4. Film an entry for the 60 second science video about types of rocks and the rock cycle; how fossils are formed; tectonic plates and continental drift; how life began on earth or another relevant topic (see me before you start your storyboard).

Top Ten Volcano sites

volcano_erupting

Image Source

To celebrate Earth Science week I have compiled a list of my top ten sites for learning about volcanoes:

  1. Volcano Live web cam List of links to 23 web cam sites at volcanoes around the world.
  2. How Volcanoes Work, sponsored by NASA
  3. Virtual Volcano Explorer from Discovery Channel
  4. Forces of Nature from National Geographic
  5. Interactive Volcanoes
  6. Volcano Project by Oregon State University
  7. Volcanoes On-line – an Oracle ThinQuest project – by students for students
  8. Global Volcanism Program by the Smithsonian Institute
  9. This Dynamic Planet by USGS – Science for a Changing World
  10. Volcanoes for Kids – images, different types, how they form and erupt.

Maybe you know of another great site to learn about volcanoes? Just add it to the comment section below.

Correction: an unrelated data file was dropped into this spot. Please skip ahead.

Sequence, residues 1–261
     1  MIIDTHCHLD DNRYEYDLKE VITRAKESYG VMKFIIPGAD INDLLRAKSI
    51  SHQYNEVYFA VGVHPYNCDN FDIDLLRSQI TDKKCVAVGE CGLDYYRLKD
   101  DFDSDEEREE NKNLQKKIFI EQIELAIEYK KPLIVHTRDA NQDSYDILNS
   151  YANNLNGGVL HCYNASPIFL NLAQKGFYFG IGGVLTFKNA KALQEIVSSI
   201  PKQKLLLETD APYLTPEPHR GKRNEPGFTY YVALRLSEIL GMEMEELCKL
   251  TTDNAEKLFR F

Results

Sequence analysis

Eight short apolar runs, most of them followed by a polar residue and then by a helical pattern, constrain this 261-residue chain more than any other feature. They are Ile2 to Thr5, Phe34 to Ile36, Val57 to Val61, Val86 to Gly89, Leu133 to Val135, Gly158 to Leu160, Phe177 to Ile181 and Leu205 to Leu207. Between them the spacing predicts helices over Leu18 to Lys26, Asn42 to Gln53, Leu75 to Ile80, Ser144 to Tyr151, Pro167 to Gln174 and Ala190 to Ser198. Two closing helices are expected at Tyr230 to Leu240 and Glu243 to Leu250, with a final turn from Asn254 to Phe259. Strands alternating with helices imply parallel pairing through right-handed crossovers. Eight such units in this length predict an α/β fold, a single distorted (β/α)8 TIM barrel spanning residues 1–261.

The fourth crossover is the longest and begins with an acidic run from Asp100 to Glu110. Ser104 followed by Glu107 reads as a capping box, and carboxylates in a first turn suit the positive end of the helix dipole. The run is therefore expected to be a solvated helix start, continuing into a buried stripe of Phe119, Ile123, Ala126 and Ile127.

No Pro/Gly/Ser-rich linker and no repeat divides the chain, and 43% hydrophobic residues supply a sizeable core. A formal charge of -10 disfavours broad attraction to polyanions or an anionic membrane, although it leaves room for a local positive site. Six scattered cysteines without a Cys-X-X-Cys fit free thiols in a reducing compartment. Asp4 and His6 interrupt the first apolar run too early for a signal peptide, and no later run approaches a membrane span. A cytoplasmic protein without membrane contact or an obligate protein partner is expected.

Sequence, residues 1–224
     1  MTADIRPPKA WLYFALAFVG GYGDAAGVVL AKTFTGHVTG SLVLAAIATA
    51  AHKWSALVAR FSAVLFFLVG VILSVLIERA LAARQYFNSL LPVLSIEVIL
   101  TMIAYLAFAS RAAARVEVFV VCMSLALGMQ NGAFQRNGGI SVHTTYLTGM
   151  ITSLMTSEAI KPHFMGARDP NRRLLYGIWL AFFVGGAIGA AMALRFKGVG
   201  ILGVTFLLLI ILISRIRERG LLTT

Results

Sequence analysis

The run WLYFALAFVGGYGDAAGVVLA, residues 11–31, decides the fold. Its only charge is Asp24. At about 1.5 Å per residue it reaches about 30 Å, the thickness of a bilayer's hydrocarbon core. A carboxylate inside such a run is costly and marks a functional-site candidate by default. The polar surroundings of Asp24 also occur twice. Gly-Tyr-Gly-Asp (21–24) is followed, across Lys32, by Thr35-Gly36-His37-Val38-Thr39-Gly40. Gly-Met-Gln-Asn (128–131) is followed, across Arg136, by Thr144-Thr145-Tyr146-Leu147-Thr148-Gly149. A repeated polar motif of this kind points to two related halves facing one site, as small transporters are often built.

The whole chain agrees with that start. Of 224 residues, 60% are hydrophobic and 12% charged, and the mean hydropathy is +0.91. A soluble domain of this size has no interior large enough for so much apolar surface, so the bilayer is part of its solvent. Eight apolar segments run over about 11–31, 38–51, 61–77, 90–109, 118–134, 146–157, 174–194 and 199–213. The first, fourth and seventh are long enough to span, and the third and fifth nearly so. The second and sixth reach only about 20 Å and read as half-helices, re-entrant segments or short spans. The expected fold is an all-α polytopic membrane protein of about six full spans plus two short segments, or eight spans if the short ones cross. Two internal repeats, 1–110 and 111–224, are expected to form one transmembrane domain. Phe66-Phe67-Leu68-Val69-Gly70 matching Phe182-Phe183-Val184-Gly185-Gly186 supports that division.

Earth Science Week – Hong Kong Geopark

Elly and volcano

Today we had an exciting opportunity to link up with Ng Young C. Y., a Hong Kong national who is a driving force behind the establishment of the Hong Kong Geopark. He is an expeerienced presenter, member of and advisor to  numerous committees and boards of management for conservation of geologically significant areas. Young had lots of information about the difficulties establishing a geopark in a metropoliton area, wonderful images of the park and it’s significant features and ways they market the geopark using appropriately named dishes of food (such as the tempura prawn volcano!).

Students learnt about the igneous rocks that we passed around, drew a labelled cross-section of a volcano and were able to ask questions about the geology of the park. We also look forward to tomorrow’s presentation by Ian Lewis about caves, sink holes, fossils, volcanoes and bats. Ian is an ex-teacher, geologist and member of the Kanawinka Global Geopark committee. He was born on the side of a volcano, loves caves and diving and will be sharing lots of his photos and knowledge about all things volcanic!

Friday 15th October

rock_cycle

Image Source

On Friday I will be attending the “21st Century Learners in Rural Communities” seminar in Melbourne, so you will have some work to go on with. Go to the Interactives Rock Cycle site and work through the activities:

  1. Types of Rocks
  2. How Rocks Change and
  3. Rock Cycle Diagram
  4. Test Your Skills (15 Questions)